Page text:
October 5, 2016

Five Clips That Show Evan Bayh No Longer Stands With Indiana Voters

No matter how hard DC power lobbyist Evan Bayh tries, he just can’t escape the fact that he left Indiana behind a long time ago. During an editorial board meeting with the Indianapolis Star, Bayh was repeatedly pressed on the fact that he lives in Washington, D.C., on his lack of knowledge about the issues Indiana voters care about, and his employment by a major financial firm.

No moment from the editorial board meeting better symbolizes why Bayh is having major residency issues than when he was asked about various local Indiana issues. Bayh had no answers because as he admitted, he hadn’t had time to keep up with these non-federal issues:

That was not the only occasion when the lack of time Bayh spends in Indiana became a problem for him. When Bayh was pressed on the fact that he lives in DC, he claimed that he only was really traveling outside of the Indiana. That’s an obviously false statement, made even more ridiculous because Bayh failed to mention that he owns two mansions in DC, as well as a luxury condo in Florida:

After Bayh’s neighbors told reporters that they’ve never seen him, combined with the fact that he couldn’t even remember his own address, Bayh must know that the fact that he lives in DC is an open secret. He even admits during the interview that he spends “most of his days” in DC, not Indiana:

The reason why Bayh chose to maintain his DC residency, even after his left the Senate in 2011, is because he’s been cashing in on his Senate connections ever since. Bayh had no answers when questioned about the appropriateness of selling out to major lobbying and financial firms just weeks after leaving the Senate:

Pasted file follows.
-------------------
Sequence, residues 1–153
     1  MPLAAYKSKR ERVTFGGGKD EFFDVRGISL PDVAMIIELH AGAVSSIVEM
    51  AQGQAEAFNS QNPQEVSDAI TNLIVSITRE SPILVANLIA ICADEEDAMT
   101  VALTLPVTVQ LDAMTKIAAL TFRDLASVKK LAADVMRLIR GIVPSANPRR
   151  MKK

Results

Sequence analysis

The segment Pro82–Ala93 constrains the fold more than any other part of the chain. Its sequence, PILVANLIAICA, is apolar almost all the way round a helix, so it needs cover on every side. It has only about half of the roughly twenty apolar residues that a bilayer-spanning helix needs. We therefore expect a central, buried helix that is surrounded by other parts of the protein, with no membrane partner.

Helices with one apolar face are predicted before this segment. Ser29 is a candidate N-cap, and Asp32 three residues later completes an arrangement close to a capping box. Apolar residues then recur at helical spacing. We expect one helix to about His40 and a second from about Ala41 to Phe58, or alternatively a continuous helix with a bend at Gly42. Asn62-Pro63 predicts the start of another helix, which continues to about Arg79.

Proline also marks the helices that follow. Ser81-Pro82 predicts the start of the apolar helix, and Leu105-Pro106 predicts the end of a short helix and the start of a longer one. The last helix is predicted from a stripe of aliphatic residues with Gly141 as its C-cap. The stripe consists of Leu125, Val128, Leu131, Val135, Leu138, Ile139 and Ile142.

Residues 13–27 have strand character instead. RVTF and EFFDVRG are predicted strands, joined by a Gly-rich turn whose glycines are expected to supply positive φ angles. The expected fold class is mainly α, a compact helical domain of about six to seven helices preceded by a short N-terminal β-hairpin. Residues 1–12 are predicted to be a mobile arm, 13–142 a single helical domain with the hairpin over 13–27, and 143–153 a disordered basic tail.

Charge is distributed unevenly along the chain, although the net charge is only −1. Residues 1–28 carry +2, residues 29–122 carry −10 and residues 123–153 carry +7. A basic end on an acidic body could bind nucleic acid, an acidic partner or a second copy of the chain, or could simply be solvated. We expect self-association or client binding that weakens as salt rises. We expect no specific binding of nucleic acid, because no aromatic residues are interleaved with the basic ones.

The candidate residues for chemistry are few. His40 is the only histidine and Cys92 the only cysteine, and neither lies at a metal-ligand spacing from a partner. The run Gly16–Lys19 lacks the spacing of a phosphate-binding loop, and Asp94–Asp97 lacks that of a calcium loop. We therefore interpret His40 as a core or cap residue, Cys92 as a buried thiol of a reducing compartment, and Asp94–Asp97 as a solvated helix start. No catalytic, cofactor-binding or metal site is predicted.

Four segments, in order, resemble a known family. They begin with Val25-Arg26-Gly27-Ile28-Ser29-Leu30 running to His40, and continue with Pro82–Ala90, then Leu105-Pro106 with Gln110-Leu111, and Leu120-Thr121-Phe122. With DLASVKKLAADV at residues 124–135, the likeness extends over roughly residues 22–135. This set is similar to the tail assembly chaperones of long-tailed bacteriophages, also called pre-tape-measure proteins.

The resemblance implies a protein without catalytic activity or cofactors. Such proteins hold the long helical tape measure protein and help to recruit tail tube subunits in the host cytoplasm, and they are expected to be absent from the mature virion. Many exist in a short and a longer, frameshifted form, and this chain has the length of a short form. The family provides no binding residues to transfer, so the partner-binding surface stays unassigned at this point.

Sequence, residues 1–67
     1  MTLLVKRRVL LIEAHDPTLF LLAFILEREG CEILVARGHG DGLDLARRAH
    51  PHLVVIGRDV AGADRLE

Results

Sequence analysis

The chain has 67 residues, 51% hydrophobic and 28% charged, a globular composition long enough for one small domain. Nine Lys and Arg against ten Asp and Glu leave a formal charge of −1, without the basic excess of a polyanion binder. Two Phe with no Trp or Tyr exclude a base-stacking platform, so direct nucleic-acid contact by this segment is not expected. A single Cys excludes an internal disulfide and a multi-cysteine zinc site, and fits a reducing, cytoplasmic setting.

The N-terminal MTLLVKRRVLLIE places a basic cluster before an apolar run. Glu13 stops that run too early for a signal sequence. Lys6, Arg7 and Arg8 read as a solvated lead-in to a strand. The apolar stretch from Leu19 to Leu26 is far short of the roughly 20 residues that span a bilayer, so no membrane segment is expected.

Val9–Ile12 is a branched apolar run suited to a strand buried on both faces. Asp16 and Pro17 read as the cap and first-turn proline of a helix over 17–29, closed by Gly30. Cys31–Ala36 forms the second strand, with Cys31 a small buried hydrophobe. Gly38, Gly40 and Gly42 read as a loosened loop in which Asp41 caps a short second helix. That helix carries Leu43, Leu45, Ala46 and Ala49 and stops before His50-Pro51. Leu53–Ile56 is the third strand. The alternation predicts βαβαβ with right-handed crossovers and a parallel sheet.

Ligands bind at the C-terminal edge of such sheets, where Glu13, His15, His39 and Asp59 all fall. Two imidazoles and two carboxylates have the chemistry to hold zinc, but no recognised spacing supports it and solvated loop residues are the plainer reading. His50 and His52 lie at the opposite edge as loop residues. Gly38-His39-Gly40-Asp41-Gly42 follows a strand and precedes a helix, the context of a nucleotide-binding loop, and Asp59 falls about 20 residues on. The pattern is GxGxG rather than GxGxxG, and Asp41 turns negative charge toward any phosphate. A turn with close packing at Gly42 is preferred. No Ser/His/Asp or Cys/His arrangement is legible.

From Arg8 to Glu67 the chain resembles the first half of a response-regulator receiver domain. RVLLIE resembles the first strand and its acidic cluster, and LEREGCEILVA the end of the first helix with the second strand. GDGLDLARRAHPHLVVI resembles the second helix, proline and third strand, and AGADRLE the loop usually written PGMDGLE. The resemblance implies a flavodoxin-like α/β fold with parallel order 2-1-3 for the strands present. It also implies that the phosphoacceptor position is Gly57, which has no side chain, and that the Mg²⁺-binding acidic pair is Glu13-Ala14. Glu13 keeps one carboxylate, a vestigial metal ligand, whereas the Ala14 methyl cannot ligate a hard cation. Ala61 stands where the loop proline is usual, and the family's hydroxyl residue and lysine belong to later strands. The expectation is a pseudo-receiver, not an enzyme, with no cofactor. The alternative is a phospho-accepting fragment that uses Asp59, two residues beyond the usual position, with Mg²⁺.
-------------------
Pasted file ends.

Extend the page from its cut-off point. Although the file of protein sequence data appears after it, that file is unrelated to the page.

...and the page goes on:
The level of Bayh’s greed has unsettled many Indiana voters. Bayh did not help his case, during the editorial board meeting, when he lied about the efforts he undertook to help financial firms in the Senate. Bayh claimed today that he never voted for legislation that has helped out his future employer:

As an Indianapolis Star story from August shows, that’s a classic Bayh lie. In 2010, Bayh’s future firm, Apollo Global Management, fought against a Senate effort to impose new taxes on its profits. During the fight over certain tax provisions, Bayh proved an ally to the forces working against the tax hike:

“After receiving visits from private equity industry lobbyists, Bayh began to express concerns about the impact of the tax increase on the sales of a fund manager’s stake in a company, according to several media reports. His office also arranged for private equity lobbyists to meet with congressional tax analysts and Senate aides to complain about a tax increase on partnership sales, according to the Washington Post.”

Then, on June 16, 2010, Bayh voted against a bill that would have harmed those financial firms’ profits. Bayh sold out to those special interests then, and hasn’t stopped selling out in the subsequent 6 years. Indiana needs a firm ally in Washington, not someone whose vote is so easily bought.